Leninist thinking in the Vatican?

04 July 2014

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THE news that Jesus would have supported gay marriage among the clergy came to us from Sir Elton John, a man with excellent celebrity contacts. It made the front page of Metro. The singer also had kind words for the Pope: "He has stripped Christianity down to the bare bones and said it's basicallyall about love and inclusiveness. That has to be encouraged by the Church of England, too."

Of course, none of this is actually true, but it's a very interesting glimpse of the impression that Pope Francis has made. I think that many people inside the Church underestimate the appeal of love and inclusiveness, not just because they're difficult. (Forgiveness is a different matter. "What is Sweetest? Sweetest is to see your enemies repent and their women acknowledge your headship," as I'm sure that Genghis Khan would have said.) But there is a kind of religious temperament which relishes the consciousness of sin and awkwardness.

I was talking earlier this week with someone who has been doing research into conservative Evangelical churches, and they pointed out that the sheer weirdness of the doctrine of substitutionary atonement makes it seem credible in today's society: anyone who believes in something so out of kilter with the moral sense of the world around them will tend to feel a little ashamed, if not guilty, all the time, and this in turn will lend a feeling of credibility to the doctrine that we are all intrinsically rotten. A loving and inclusive Church wouldn't do that job at all.


THIS brings us once more to the curious case of Pope Francis and his bifurcated reputation. The Economist's excellent blog on religion, Erasmus - which is the consistently best source of thoughtful and thought-provoking angles on the world's religious scene - had picked over the Pope's recent interview with a Spanish-speaking paper, and concluded that he was a Leninist in his view of war.

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This is a much more nuanced and interesting point than the theropod harrumphings of American blowhards such as Glen Beck. "By positing a link between capitalism and war, [Francis] seems to be taking an ultra-radical line: one that consciously or unconsciously follows Vladimir Lenin in his diagnosis of capitalism and imperialism as the main reason why world war broke out a century ago," The Economist wrote.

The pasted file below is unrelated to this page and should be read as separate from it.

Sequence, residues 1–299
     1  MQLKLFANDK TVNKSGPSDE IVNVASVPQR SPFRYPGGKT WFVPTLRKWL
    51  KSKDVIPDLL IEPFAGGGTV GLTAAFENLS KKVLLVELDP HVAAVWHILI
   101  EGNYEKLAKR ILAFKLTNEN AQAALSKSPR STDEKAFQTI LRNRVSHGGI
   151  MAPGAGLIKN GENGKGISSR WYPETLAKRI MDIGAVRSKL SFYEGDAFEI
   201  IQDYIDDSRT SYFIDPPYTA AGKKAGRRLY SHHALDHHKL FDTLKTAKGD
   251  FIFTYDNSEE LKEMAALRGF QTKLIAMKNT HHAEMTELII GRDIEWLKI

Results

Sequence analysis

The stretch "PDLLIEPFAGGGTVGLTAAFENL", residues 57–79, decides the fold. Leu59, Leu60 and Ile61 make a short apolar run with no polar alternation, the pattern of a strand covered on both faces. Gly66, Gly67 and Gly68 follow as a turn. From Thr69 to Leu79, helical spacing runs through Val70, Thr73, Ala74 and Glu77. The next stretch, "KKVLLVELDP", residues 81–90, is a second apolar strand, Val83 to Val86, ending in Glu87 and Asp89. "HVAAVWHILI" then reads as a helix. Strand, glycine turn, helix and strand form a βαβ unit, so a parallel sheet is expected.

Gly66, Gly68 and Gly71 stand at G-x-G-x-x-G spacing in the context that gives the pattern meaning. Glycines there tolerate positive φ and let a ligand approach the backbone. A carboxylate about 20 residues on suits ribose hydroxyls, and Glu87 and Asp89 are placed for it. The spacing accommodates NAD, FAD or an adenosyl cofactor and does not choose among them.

This conclusion was backed up with a long and fair quote - "After denouncing the 'atrocity' of youth unemployment, Francis observed that: 'We are discarding an entire generation to maintain an economic system that can't hold up any more, a system that to survive must make war, as all great empires have done. But as a third world war can't be waged, they make regional wars. . . they produce and sell weapons, and with this, the balance sheets of the idolatrous economies, the great world economies that sacrificeman at the feet of the idol of money, are resolved.'"

So you can see where the charge of "Leninism" came from. The Economist, naturally, believes that capitalism is not a particularly warlike form of social organisation, and certainly not a uniquely warlike one. But that isn't quite the argument that the Pope was making, nor, I think, the one that Lenin made. That was about a link between capitalism and imperialism rather than capitalism and war in all its forms. Again, it is possible to make counter-arguments, though they would have to deal with the existence of American military bases in almost every country of the world today. At the risk of sounding like a proper Communist, I suggest that it is not a coincidence that the largest capitalist power in history is also the largest military one.

But, in any case, it was an interesting hare to start; and the story came back to life when the Pope himself responded to the blog post, asked about it by an Italian newspaper. According to The Independent's report, "The 77-year-old pontiff. . . said: 'I can only say that the communists have stolen our flag. The flag of the poor is Christian. Poverty is at the centre of the Gospel.'

"He made the comments after being asked about a blog post in The Economist magazine that said he sounded like a Leninist when he criticised capitalism and called for radical economic reform.

"Citing Biblical passages about the need to help the poor, the sick and the needy, the Pope said: 'Communists say that all this is communism. Sure, twenty centuries later. So when they speak, one can say to them: "but then you are Christian".'"


IT WOULD be fascinating to know what The Daily Telegraph had to say about this - but, as part of its recent sackings, it got rid of Damian Thompson; so the reasoned defence of war and imperialism as consistent with all the best liturgies will have to appear somewhere else.

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